Monthly Archives: May 2010

Green Your Day Off! Memorial Day weekend advice.

This link has 5 great, simple ways to green your day off. I’ll elaborate just a smidgen on each below, but do read this great, full of ideas, short article too:

1.     Ride your bike –

a.     If biking is out of the question for you, then take a walk! Walking is great exercise, doesn’t burn fossil fuels and fun for everyone… especially if you visit one of our beautiful preserves and bird or butterfly watch- ‘tis the season for all sorts of wildlife out and about looking for food, mates and nesting areas. (p.s. info about biking to work will be out soon. We’re participating in Bike to Work week and will have biking buddies, safe route maps and meet up places for group ride-ins. Email me if you’re interested!)

2.     Green up your BBQ –

a.     When thinking about what to grill or serve, go for organic and/or locally produced foods. And when serving it up, choose reusable, washable dishes and silverware…or at least recyclable and make sure it gets recycled!

3.     Clean up…DIY style –

a.     Did you see Tommy and Maura make all those wonderful recipes for household cleaners during Earth Week? What a great video! If you missed it we’ll let you know when it’s posted. In the meantime, check the link above for quick recipes that are cheap, safe and effective too!

4.     Take out the recycling –

a.     I was visiting a class yesterday to talk about sustainability and one student said “some ‘things’ are just not recyclable.” To which I replied, nonsense! Someone either just hasn’t come up with a use/commodity for those “things” or you just haven’t found the spot that does collect it. So, when you are looking at that “thing” that is no longer of use to you, consider it. Is it recyclable? Does someone reclaim it somewhere (ex batteries may not go in your curbside, but you can take them to Staples…same with expired CFL bulbs). If no one takes it, what can you do with it? Make something new, repurpose it, donate it?

5.     Pay Tribute –

a.     Remember this holiday is to honor those that have fallen so we may live freely! Freely with equality and access to fair civil, social, economic and environmental securities. Remember to honor them in some way this weekend. The link has some neat ideas.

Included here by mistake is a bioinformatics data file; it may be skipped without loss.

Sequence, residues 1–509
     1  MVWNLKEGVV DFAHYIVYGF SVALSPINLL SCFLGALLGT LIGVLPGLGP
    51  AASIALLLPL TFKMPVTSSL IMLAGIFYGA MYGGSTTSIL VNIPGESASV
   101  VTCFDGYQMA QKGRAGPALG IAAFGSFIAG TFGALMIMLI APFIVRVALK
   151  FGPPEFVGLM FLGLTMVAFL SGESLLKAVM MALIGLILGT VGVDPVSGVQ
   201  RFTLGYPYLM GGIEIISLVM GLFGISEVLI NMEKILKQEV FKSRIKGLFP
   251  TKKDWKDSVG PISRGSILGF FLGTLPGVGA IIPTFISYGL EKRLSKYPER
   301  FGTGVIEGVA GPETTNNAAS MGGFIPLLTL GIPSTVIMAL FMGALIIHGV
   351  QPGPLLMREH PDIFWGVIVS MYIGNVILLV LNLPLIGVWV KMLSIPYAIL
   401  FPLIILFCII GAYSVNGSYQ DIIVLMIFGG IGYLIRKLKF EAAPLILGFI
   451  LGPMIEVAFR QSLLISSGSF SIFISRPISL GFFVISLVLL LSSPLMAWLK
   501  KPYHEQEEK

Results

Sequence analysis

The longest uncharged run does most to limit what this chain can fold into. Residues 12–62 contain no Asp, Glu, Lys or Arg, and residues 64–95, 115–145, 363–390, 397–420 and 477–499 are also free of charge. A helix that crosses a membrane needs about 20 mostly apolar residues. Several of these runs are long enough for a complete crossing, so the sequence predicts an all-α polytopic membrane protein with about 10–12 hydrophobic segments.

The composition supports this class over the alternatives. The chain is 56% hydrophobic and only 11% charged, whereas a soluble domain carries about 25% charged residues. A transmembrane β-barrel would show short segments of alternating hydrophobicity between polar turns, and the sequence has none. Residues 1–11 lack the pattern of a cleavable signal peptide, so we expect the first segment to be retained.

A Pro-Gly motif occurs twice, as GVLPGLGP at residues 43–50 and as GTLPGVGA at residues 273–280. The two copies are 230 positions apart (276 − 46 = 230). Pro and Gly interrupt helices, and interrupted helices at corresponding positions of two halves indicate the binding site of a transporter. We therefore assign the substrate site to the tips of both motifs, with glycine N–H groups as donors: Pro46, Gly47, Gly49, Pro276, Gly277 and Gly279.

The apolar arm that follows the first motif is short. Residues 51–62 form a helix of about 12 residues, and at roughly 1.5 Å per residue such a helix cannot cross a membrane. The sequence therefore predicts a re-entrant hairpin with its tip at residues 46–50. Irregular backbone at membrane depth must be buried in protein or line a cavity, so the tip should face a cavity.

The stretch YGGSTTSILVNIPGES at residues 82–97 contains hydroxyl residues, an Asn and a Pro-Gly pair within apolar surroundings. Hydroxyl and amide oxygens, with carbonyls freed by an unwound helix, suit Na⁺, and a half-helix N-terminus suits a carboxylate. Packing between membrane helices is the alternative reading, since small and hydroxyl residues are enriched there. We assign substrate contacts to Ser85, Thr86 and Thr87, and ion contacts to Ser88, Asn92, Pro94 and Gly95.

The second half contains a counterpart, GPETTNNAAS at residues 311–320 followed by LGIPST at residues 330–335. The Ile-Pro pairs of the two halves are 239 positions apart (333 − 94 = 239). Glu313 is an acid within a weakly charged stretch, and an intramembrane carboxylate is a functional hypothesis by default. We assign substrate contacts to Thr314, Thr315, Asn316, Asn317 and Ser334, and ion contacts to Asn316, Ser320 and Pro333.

Have a safe, green holiday!

Town Bans Bottled Water

One of my pet peeves is drinking bottled water.  The bottles are made from oil, thus furthering our reliance on those non-renewable fossil fuels.  Bottled water is a hazard to our health: carcinogenic and endocrine disrupting toxins leach from the plastic into that expensive water and filtration standards are low to none at all.  In the bigger picture, the toxins from the plastic leaches into our ground water providing us with a second hit, not to mention the all of the other organisms that are also hit with the unpleasant and toxic exposure to our bottled water habit.  Check out this town that has become part of my dreams by banning bottled water all together.  The bottled water industry is even looking to sue the town over this.

Oil Spill Trends Show Not as Rare

There is a great deal of coverage and debate around the recent oil spill in the Gulf of Mexico. Tar is washing up on the beaches of the South.

I recently did a podcast on Black Swan Theory. (you can listen to the podcast here: Black Swan Theory on Check It Out Podcast. A Black Swan is an event that happens with wide impact despite the fact that it has very low odds of occurring when compared to other events. Things like floods, earthquakes, terrorist attacks, and oil spills are all black swans. They are rare, difficult to predict, but greatly impact our lives.

For more on Black Swan Theory take a look at this Wikipedia entry, Black Swan Theory. This is one entry that is pretty good.

It seems that the oil spill on the Gulf of Mexico is a Black Swan. But, we can look at “Oil Spill” Search Trendson Google, and we can see when searches for this term spike. The spikes in searches line up pretty well with other oil spills such as the one that was in San Francisco Bay and the one in Korea. This oil spill feels like a rare event, but they are not that rare as they feel. They are a cost of using oil. The expense for the clean up is sort of like a hidden tax that we must pay at irregular intervals.